Over the last few years India has made headlines for achieving a staggering growth in solar capacity addition (from a meagre 500 MW in FY12 to around 9 GW by end of 2016) as well as for putting together a bulk competitive bidding-based procurement model that lead to steep reduction in tariffs. Other countries in Europe, Middle East and Africa have emulated this procurement model, which is claimed analogous to a free & fair market place for project awards. However a closer look at the approach followed including the terms and conditions for alternate growth in the sector, present a different picture.
One of the path-breaking policies under the Electricity Act, 2003 was allowing a consumer to purchase power directly from one or more generators/traders by securing open access on transmission and distribution grids. In exchange of allowance of free flow of electricity from point source A to B, the users have to pay for various network related charges (wheeling) and losses, as well as some other derived charges to keep level playing field unchanged for the incumbent utility and thereby avoidance of cherry-picking by rival suppliers (these include cross-subsidy surcharge, additional surcharge, open access approval related costs etc.). The Act as well as the National Tariff Policy has recommended progressive reductions to these charges and to reach the ultimate free market situation wherein tariffs are equivalent to cost of supply.
However the central as well as state governments in the past have not shown enough willpower to bring down costs associated with freedom of supply choice exercise by a buyer. On the contrary some of these costs such as the cross-subsidy surcharge have been increased and others such as additional subsidy and electricity duty have been introduced on consumers breaking away from the grid.For example in Maharashtra consumers were levied 25% of the cross-subsidy surcharge in case power was procured from a renewable source. This has been revised since November 2016, whereby consumers are now required to pay charges equivalent to 100% of cross-subsidy surcharge. As a result the cross-subsidy surcharge for industrial consumers has gone up from 41 paise/kWh to 1.65 Rs./kWh. Another surcharge to compensate utilities for stranded capacities, called Additional Surcharge, which was once waived off for consumers purchasing renewable power, is now levied at the rate of 1.11 Rs./kWh. Again in Maharashtra the state revised its electricity duty policy to bring under its ambit, sale through open access (electricity duty for an industrial consumer is 9.3% and that for a commercial consumer is 21%). Together these have resulted in making unviable the direct trade of solar energy between a consumer and a generator.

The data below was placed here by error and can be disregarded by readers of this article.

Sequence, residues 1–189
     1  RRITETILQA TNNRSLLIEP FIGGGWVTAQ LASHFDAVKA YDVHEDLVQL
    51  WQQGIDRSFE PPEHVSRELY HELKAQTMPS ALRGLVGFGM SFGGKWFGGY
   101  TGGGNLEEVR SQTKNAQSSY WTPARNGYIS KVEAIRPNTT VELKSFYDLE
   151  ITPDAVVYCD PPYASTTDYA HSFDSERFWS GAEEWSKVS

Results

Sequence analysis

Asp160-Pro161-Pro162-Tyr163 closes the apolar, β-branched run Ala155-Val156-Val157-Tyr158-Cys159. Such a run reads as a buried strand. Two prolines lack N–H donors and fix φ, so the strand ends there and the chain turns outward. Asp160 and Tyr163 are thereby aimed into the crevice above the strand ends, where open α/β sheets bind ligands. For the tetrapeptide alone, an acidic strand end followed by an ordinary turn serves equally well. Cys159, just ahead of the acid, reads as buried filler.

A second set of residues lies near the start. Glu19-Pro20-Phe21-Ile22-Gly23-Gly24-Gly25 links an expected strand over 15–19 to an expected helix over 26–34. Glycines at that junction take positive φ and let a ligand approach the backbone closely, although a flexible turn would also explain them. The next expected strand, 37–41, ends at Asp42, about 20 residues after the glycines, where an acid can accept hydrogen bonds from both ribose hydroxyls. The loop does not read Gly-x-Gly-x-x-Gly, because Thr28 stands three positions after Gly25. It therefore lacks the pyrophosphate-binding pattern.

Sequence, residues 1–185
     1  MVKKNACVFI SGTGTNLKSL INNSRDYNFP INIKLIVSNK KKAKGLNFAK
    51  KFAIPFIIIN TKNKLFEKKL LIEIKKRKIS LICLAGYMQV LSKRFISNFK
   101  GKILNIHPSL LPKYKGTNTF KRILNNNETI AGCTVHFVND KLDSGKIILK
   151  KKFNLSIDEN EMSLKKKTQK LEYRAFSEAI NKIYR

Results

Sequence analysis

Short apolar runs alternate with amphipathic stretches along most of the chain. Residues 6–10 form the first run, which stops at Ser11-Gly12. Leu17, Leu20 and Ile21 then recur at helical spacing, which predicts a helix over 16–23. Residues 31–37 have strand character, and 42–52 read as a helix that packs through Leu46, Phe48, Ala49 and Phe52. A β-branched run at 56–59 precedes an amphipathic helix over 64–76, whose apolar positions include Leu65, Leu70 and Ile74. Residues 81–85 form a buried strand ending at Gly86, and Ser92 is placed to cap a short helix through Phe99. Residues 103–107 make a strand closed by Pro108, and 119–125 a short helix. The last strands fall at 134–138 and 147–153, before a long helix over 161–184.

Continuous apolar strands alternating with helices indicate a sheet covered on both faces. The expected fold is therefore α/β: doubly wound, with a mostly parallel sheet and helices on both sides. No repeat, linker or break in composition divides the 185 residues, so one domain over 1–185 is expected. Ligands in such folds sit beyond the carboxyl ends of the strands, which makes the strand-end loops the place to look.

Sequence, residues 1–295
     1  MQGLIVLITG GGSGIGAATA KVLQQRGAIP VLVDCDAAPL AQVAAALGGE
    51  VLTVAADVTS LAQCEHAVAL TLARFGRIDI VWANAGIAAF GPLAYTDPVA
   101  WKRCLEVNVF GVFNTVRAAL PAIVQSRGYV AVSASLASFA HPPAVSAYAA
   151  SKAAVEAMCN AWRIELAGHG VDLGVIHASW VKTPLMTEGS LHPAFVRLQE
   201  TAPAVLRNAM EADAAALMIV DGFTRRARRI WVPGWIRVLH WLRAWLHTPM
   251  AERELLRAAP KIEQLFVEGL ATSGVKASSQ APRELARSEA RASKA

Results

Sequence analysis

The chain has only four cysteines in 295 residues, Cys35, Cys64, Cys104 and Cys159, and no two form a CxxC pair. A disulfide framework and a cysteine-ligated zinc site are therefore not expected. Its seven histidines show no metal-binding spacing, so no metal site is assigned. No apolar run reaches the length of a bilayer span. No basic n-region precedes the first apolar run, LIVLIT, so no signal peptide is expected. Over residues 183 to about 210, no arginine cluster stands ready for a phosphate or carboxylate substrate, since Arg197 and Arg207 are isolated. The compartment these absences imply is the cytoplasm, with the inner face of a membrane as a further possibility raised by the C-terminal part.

On the other hand government agencies (SECI, NTPC and Discoms) who act as bulk traders of solar power, have built market monopoly over procurement and in turn supply of solar power. Their offer of one-time capital subsidy (in the form of viability gap funding provided to winning bidders) which is actually Indian taxpayers money allocated through central budget, ensures that for developers securing capacity under such tenders is the easiest and most viable route for project development. Lenders also in turn assess such projects favourably given the long-term procurement promise of a central government agency. That is one of the primary reasons for overtly aggressive bidding behaviour by some developers which might prove detrimental to the entire sector.
Such market monopoly pressure is contrary to the spirit of the Electricity Act, 2003 and hinders realization of the true potential of solar power in India. Consumers who are willingly providing commitment to fight climate change should not be burdened with additive costs. The government should create a free and fair market in true sense where there are many more suppliers of green power.